Tuesday, 23 April 2024 08:56

Terp Talk: Terpenes & Skin Care  

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The word “terpene” may not mean a lot to most skin care professionals, but shortly, you will realize just how influential and involved they already are in your aesthetics practice. Most already know a few and don’t realize what exactly they are.  

Is a terpene a person? Nope. Is it a place? Negative. Terpenes are therapeutic compounds found in all plants that give them their smell, color, and therapeutic value. There are over 23,000 identifiable terpenes in nature. “Oh great! This must be a granola skin care article,” I can hear some of you saying to yourselves. Pump the brakes and listen darling! 

Terpenes are a critical part of chemistry for all skin care practices independent of how you want to label them. fromy are a predominant part of organic and plant-based skin care, every chemist, biochemist, and cosmetic chemist in the world has a very keen and deep relationship, or at least understanding of, these compounds and skin care professionals work with them from the first day of their journey.  


Terpenes can be used in the formulation of skin care and body care products for a myriad of reasons, from their smell to their antiviral, antimicrobial, or antibacterial properties. One of the easiest terpenes to remember is limonene. The beautiful thing about limonene as a terpene is that the root of its name comes from the fruit it is most abundant in, lemons. Have you ever smelled hints of lemon in other plants, like rosemary, mint, or juniper?  Different cultivars, meaning varieties (we mostly use “strains” as a word to identify bacteria in science) of cannabis can have lemony smells. That is from the traces of the terpene limonene. Limonene is used as an antioxidant and a permeation enhancer, meaning it can boost the absorption of ingredients. The aromatic side of terpenes is an easy way to digest and better understand the breadth and overlap of terpenes, which then opens the floodgates of all the other potentials of terpenes.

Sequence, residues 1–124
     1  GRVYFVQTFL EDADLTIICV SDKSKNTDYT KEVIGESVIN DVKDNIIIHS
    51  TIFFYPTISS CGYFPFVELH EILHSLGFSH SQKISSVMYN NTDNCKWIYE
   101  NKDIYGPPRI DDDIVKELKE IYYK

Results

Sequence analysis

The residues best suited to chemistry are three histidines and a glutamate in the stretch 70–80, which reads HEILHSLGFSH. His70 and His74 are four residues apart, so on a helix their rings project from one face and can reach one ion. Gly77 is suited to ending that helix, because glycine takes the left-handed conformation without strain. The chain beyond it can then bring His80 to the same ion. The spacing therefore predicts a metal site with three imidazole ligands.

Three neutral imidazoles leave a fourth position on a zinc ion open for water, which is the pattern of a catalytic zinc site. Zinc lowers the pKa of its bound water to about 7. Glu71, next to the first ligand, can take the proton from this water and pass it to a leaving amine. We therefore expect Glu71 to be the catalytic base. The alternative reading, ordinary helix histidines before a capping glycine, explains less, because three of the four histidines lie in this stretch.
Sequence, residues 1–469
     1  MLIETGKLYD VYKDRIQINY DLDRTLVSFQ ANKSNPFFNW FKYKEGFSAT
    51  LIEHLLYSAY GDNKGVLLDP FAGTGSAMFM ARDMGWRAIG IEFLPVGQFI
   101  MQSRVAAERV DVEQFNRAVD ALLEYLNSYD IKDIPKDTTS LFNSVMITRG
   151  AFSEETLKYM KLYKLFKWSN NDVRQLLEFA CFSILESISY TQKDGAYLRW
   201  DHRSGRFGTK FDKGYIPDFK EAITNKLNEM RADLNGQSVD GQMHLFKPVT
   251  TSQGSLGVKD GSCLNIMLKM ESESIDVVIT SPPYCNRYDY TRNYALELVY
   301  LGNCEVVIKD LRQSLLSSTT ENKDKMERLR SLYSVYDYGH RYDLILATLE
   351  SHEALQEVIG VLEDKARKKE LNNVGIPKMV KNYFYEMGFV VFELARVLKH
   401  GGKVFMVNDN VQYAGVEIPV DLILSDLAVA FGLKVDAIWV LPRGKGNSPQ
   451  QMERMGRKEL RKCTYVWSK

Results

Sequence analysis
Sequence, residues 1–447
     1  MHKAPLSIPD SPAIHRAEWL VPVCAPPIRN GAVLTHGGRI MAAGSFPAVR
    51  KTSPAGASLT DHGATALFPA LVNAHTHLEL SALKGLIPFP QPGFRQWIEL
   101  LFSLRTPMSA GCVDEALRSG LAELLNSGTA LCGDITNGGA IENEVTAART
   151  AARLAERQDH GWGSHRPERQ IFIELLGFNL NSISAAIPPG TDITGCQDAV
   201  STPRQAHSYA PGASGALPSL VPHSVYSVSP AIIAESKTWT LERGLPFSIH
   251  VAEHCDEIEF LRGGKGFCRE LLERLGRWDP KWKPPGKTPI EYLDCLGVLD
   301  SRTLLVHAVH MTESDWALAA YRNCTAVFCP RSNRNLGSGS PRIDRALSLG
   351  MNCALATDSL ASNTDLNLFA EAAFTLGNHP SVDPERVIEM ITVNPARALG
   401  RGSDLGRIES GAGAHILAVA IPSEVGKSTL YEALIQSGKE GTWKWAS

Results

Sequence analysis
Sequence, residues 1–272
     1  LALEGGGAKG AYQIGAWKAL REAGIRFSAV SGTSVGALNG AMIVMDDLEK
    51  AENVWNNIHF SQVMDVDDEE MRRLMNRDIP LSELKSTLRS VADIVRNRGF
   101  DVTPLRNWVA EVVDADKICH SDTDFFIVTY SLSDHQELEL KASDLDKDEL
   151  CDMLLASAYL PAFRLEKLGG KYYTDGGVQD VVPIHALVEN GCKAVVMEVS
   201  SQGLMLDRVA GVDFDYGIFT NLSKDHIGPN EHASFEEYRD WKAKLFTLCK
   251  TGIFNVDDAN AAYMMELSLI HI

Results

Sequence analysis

Another easy example of a terpene to remember is eucalyptol, which makes up to 80% of the terpene profile, which is measured with a chromatography test, in eucalyptus! It is also found in varying ratios in other plants like sweet basil, tea tree, rosemary, sage, and cardamom. Some other names for eucalyptus that you may have seen on ingredient lists include cajeputol, 1,8-p-methane, 1,8-oxido-p-methane, and 1,8-cineole.  

Some terpenes are great antioxidants, meaning they scavenge free radicals and protect the integrity of skin from oxidation. They have phenomenal potential as anticonvulsants and antispasmodics, meaning they can reduce or prevent seizures and spasms. There are even countless terpenes that provide extraordinary anti-inflammatory properties to products. The point is that for every skin care problem skin professionals face, there is most likely not only one but a number of terpenes we are using to treat them.  

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Antonia Schreiber is a New York state licensed massage therapist, cosmetologist specializing in aesthetics science, and electrologist. With over 16 years’ experience in the industry, Schreiber’s work has brought her everywhere from the classroom to her certified green spa, the Windham Spa, to the United States Olympic Training Center and beyond. Outside of the treatment room she is a writer, speaker, and consultant with the New York State Department of Education, leading education firms and industry magazines. Her current passion projects include treatment research and development for burn patients, and assisting in the development of the United States Paralymic Bobsled and Skeleton Team. 

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